Canadians should be outraged that the Harper Conservatives are spending millions of taxpayers money lobbying for the approval of the Keystone XL pipeline in the U.S. while cutting environmental funding.

The post Tories spend on Keystone XL ads, while cutting environment funding appeared first on The Canadian Progressive.

Accidental Deliberations: Monday Morning Links

Miscellaneous material to start your week.

- As would-be frackers show us exactly why it’s dangerous to give the corporate sector a veto over government action, Steven Shrybman suggests that corporations are mostly doing only what we’d expect in exploiting agreements designed to prioritize profits over people: Canadian businesses are simply playing by the rules of free trade which encourages the outsourcing of everthing that isn’t glued to the local Tim Hortons or the tar sands (to cite two prominent examples): that means value-added processing (where the jobs are) of natural resources that are simply ripped and shipped to the (Read more…)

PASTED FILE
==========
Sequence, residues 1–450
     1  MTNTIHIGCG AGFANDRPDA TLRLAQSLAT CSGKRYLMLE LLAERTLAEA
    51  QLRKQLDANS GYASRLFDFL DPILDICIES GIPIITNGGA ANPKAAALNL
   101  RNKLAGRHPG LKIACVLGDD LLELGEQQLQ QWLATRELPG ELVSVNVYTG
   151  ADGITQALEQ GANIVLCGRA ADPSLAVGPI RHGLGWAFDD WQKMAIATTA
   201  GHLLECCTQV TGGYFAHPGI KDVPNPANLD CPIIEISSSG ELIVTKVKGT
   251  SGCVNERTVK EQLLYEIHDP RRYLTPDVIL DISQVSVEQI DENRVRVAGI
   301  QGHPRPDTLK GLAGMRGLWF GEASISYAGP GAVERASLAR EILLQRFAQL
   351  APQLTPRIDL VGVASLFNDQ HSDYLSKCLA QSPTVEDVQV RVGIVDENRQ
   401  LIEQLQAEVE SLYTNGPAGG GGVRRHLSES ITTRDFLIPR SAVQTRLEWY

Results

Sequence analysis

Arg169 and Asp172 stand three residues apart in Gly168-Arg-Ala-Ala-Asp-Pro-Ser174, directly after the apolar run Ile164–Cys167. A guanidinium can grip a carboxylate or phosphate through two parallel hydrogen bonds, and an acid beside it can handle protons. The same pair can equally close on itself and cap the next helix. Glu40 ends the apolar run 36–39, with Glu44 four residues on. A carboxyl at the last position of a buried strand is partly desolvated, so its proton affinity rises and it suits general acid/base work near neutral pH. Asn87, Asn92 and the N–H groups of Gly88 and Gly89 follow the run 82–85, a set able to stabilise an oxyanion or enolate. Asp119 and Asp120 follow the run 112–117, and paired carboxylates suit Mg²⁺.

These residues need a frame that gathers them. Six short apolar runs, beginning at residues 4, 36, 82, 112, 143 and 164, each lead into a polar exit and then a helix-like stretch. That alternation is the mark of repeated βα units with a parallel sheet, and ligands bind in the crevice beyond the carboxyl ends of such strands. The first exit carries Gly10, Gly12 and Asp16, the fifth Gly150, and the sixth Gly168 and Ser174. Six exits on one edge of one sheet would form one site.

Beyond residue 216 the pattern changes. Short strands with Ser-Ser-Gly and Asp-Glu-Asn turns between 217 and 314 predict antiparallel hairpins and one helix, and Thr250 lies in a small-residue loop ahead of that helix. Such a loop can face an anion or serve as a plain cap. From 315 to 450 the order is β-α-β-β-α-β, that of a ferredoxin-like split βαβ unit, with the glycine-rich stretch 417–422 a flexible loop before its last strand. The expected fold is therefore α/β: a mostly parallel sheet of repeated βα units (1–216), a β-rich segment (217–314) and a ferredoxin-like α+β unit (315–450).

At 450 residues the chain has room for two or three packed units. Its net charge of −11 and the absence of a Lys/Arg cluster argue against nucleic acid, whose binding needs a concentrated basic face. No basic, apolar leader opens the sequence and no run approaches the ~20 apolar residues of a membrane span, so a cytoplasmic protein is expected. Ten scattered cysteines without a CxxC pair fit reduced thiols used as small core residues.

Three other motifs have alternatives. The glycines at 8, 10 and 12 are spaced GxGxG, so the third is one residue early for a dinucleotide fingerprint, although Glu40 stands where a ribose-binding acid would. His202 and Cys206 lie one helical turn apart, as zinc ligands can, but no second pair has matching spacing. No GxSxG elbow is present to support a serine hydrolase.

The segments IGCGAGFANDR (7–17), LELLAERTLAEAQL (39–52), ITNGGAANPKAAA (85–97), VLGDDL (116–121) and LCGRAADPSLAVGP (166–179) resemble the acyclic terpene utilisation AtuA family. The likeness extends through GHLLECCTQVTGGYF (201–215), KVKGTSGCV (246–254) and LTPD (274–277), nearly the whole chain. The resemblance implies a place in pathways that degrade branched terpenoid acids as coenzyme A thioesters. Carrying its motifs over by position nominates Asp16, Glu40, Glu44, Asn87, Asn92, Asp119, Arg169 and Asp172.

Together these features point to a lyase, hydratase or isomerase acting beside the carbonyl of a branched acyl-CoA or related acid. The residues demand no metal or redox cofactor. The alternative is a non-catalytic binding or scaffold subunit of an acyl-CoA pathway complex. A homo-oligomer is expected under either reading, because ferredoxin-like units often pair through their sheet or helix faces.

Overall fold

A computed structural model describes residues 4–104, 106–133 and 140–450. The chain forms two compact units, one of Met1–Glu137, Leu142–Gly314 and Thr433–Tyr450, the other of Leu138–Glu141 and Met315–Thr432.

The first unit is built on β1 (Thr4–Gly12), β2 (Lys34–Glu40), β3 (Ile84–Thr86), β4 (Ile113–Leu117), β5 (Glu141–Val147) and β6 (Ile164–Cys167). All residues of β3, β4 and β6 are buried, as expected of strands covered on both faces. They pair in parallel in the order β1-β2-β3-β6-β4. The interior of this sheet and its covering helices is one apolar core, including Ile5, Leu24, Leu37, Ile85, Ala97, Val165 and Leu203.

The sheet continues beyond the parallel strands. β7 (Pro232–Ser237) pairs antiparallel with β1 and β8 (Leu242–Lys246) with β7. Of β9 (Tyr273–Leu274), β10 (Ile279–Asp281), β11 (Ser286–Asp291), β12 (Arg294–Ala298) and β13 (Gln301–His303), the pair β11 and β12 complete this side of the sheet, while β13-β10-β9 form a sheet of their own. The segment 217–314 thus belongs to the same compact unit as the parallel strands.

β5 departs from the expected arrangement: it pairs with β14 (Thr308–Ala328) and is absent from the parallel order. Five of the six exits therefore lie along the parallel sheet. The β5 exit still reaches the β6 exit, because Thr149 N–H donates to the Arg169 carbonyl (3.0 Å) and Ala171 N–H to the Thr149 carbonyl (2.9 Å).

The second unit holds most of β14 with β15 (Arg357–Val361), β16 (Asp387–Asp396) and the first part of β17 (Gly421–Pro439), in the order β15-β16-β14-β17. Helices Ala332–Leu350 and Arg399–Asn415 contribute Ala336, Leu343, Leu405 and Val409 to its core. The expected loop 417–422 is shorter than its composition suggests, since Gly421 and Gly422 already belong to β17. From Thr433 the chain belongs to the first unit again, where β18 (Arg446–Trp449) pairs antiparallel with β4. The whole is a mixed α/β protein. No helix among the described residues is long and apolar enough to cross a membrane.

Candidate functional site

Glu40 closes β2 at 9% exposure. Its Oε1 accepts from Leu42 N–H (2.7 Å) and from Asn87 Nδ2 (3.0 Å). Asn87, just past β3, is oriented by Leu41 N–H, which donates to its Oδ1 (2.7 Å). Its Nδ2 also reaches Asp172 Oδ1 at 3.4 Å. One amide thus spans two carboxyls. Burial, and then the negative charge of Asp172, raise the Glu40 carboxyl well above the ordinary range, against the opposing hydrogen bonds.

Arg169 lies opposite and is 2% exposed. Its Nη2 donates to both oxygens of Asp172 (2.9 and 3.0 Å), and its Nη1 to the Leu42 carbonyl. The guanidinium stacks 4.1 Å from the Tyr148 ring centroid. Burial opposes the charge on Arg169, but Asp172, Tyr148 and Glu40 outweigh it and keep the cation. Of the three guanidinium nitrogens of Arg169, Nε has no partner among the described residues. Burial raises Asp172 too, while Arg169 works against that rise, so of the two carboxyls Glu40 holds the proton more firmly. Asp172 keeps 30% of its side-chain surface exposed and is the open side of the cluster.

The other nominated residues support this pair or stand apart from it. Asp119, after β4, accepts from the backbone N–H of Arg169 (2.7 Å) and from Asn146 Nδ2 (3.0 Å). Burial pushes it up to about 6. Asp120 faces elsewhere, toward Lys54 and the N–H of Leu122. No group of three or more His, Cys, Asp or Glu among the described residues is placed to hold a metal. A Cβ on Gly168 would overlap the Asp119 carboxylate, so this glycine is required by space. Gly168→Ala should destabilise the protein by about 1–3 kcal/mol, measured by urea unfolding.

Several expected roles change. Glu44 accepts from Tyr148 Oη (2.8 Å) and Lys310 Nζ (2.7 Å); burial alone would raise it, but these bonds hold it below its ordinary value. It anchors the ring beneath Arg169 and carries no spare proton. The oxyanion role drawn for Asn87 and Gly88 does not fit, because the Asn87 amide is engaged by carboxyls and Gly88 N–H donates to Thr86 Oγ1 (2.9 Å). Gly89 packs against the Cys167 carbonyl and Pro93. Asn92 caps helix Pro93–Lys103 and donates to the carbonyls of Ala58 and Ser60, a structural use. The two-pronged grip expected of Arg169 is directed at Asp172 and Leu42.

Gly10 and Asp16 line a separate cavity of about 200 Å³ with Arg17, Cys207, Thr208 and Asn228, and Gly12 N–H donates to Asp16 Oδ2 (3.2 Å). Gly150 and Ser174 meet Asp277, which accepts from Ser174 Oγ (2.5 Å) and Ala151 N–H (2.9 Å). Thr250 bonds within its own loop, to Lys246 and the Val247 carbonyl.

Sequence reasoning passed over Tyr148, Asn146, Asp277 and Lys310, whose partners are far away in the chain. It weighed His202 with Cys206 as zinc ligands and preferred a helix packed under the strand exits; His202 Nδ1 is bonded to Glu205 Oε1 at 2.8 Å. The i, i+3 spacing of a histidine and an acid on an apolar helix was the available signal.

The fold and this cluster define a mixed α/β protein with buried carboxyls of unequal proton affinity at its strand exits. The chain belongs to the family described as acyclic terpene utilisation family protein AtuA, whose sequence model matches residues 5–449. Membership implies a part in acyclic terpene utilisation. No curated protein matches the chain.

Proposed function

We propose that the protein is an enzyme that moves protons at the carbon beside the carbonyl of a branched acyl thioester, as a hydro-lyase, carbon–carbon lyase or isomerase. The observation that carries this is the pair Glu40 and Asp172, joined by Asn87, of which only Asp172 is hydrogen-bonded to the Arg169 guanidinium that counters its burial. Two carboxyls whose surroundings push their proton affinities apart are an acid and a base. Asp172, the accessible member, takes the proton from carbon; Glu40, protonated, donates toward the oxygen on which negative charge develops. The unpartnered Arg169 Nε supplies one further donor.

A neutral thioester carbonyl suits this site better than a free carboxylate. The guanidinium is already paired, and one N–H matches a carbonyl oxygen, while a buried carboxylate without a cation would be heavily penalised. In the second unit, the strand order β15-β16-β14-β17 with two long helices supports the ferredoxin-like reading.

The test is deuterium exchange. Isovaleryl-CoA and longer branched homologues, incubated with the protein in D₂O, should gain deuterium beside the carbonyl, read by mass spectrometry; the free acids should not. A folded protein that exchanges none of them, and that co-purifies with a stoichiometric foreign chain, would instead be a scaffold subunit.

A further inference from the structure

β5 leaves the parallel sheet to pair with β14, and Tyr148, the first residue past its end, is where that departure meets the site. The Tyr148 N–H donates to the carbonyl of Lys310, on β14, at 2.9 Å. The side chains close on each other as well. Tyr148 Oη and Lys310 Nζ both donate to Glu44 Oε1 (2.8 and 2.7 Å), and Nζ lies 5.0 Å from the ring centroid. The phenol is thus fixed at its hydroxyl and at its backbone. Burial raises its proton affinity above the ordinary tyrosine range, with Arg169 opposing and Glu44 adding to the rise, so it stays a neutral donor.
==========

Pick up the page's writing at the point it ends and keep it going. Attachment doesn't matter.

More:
Accidental Deliberations: Friday Morning Links

Assorted content for your Friday reading.

- Michael Moss writes about the amount of time and money spent by corporate conglomerates to push consumers toward eating unhealthy food: The public and the food companies have known for decades now — or at the very least since this meeting — that sugary, salty, fatty foods are not good for us in the quantities that we consume them. So why are the diabetes and obesity and hypertension numbers still spiraling out of control? It’s not just a matter of poor willpower on the part of the consumer and a give-the-people-what-they-want attitude on